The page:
Shooting in the Arctic with Hallvard Kolltveit

Shooting in the Arctic with Hallvard Kolltveit

Hallvard Kolltveit was born and raised in the south of Norway and has kindly passed on some tips for shooting in the extreme cold.



 1. Batteries - I think the first thing that comes to mind when thinking about shooting in the cold is the batteries. Batteries tend to loose quite some juice up here in the cold, so you better stock up on some before making the journey. For instance, you can say a lot of great things about mirrorless, but most tend to die before you even jump in the water. Same goes for video. I sometimes shoot some motion, and always carry three batteries for my 1DX Mark II, which is just enough for a day shoot.


2. High iso - Now this only applies to the winter months, but the Arctic is dark. Really dark. In December and parts of January, we actually have no sunlight at all, meaning you’ll bump your ISO up quite high to get the right exposure. I don’t think I was ever under 1600 in December, and usually between 4000 and 10000. Now summer is another thing, but if you come during winter months you might want to acquire some gear that can help you out - also for those sexy northern lights shots.

3. Type of gear - Last, but not least, this is where professional, expensive gear really shines. An old 7D might be enough for a sunny day in October, but on a gritty day in January you want to have a 1DX style camera for the ISO, weather sealing, focusing system and speed. Buy and bring the gear you can afford, just know that you’re heading into a bit rougher place than when you were shooting in the sticks, drinking Bintangs overlooking Uluwatu in the middle of the day.


On location


4. Heat up slowly - After having been in the water for hours it is essential that you heat up slowly and don’t jump into a sauna, jacuzzi or hot shower. This may in the worst case (although never heard of) a heart attack then death, but usually it “just” damages your nervous system and blood flow. Put on some dry and warm clothes and start moving around or get in your car and heat up in there.

5. Keep moving - The worst days in the water in the Arctic are those where we have groundswells and above 15 seconds period. Those lulls are cutting your session in half, so it’s essential that you keep on moving. Tread water or just swim back and forth - everything goes, but don’t lie still, although the gear is plenty enough to keep you floating without any effort from your side.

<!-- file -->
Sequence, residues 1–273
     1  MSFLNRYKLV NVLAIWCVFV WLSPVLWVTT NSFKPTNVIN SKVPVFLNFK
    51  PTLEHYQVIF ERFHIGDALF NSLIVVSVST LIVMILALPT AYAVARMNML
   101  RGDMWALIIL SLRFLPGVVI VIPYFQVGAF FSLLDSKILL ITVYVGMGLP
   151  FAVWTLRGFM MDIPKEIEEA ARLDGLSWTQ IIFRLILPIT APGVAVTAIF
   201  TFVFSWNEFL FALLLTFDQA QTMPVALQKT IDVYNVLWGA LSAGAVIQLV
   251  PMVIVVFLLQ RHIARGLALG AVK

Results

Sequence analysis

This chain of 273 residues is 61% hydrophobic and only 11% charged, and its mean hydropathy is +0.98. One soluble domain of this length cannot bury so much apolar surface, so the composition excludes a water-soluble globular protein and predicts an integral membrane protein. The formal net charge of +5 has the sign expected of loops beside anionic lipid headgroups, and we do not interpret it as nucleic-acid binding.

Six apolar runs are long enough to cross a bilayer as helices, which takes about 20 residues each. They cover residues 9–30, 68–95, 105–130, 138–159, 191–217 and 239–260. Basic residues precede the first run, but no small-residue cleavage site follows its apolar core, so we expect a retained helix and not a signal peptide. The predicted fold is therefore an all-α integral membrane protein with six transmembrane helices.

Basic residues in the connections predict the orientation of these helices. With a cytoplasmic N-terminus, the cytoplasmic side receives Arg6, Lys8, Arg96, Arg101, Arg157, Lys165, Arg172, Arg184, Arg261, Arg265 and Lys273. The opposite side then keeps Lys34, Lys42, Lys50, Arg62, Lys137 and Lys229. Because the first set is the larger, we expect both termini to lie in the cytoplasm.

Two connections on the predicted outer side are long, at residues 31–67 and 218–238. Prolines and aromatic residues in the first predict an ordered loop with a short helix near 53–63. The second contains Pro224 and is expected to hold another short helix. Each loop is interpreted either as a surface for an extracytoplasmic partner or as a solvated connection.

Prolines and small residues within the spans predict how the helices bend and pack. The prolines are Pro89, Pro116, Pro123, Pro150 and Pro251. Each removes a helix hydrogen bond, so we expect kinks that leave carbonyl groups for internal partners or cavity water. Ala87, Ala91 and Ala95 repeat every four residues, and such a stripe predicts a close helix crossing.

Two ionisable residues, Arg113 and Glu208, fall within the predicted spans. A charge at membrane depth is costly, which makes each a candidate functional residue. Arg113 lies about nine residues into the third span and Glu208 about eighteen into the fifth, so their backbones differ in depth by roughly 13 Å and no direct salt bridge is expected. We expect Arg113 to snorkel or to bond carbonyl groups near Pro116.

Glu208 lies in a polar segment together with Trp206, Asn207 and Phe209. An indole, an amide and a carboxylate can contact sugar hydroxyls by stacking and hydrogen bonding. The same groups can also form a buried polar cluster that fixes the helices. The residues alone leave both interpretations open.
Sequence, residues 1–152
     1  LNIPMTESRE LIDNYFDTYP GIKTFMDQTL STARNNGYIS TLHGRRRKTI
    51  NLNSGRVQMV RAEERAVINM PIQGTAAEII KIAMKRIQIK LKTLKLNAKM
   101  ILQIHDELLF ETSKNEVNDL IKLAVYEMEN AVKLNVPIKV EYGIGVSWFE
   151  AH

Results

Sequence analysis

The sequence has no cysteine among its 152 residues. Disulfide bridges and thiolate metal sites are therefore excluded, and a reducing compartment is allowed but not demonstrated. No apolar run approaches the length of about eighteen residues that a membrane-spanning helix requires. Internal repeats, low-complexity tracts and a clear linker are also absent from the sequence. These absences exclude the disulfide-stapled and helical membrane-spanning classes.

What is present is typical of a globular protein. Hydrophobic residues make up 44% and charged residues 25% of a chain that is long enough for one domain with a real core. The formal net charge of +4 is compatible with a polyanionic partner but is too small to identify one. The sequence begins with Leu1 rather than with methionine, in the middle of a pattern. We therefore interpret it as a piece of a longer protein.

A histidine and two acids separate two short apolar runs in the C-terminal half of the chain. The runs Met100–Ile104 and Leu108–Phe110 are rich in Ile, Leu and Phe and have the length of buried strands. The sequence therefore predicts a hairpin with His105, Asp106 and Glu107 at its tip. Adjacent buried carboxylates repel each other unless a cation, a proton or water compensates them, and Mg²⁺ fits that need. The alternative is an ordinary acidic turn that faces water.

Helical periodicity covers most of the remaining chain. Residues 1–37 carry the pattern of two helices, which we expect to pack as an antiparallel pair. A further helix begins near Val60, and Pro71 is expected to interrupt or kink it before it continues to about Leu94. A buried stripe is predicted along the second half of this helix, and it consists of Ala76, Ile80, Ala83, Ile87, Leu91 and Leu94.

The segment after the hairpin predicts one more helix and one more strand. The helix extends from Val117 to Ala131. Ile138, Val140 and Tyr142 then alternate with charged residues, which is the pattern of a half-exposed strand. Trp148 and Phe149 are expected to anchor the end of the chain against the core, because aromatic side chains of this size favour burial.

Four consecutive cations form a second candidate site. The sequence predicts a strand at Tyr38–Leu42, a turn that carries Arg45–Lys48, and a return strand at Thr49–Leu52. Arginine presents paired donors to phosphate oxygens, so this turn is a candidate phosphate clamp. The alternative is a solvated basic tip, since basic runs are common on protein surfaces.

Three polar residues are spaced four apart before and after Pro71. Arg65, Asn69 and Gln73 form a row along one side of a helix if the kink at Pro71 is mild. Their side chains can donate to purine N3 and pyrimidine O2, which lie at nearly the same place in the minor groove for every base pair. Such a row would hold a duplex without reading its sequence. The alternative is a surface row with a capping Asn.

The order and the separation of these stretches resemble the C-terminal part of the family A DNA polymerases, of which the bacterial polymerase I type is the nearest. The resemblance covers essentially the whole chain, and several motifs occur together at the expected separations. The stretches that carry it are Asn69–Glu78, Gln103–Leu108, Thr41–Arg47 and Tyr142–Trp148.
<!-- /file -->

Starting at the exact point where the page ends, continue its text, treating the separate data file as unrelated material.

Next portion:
6. Condensation - Now this is the life hack and the thing to nail when you come here. I’ve seen my share of sessions being ruined because of condensation - mostly on lenses and housings. The quick transition from warm to cold or vice versa means you’ll create condensation inside your gear and eventually ruin and/or damage it. Keep your car as cold as possible and try to minimise the temperature changes your camera has to endure.


7. Layer up - Shooting from land? Thick beanie, gloves, good waterproof shoes and plenty of layers is the way to go. I personally use wool, fleece and a big warm jacket from November - April. A nasty looking balaclava is also in the bag for the windier days.


8. Warm water on thermos - The oldest trick in the book, but a lifesaver, or at least a session saver. Be aware that boiled or really warm water will be way too warm for your frozen hands and feet - even if you just use it to warm up the gear before jumping in. I fill a solid thermos of averaged temperature water, which when you’re freezing will be warm enough.


9. Weather changes fast - Pack for everything, you never know what the Arctic has in store for you. The weather forecast is not too reliable and it can be sunny all day at one spot, while it’s a blizzard just an hour down the road. A good rain cover, clothing, and other things you might need should always be in the bag, no matter what the forecast says.


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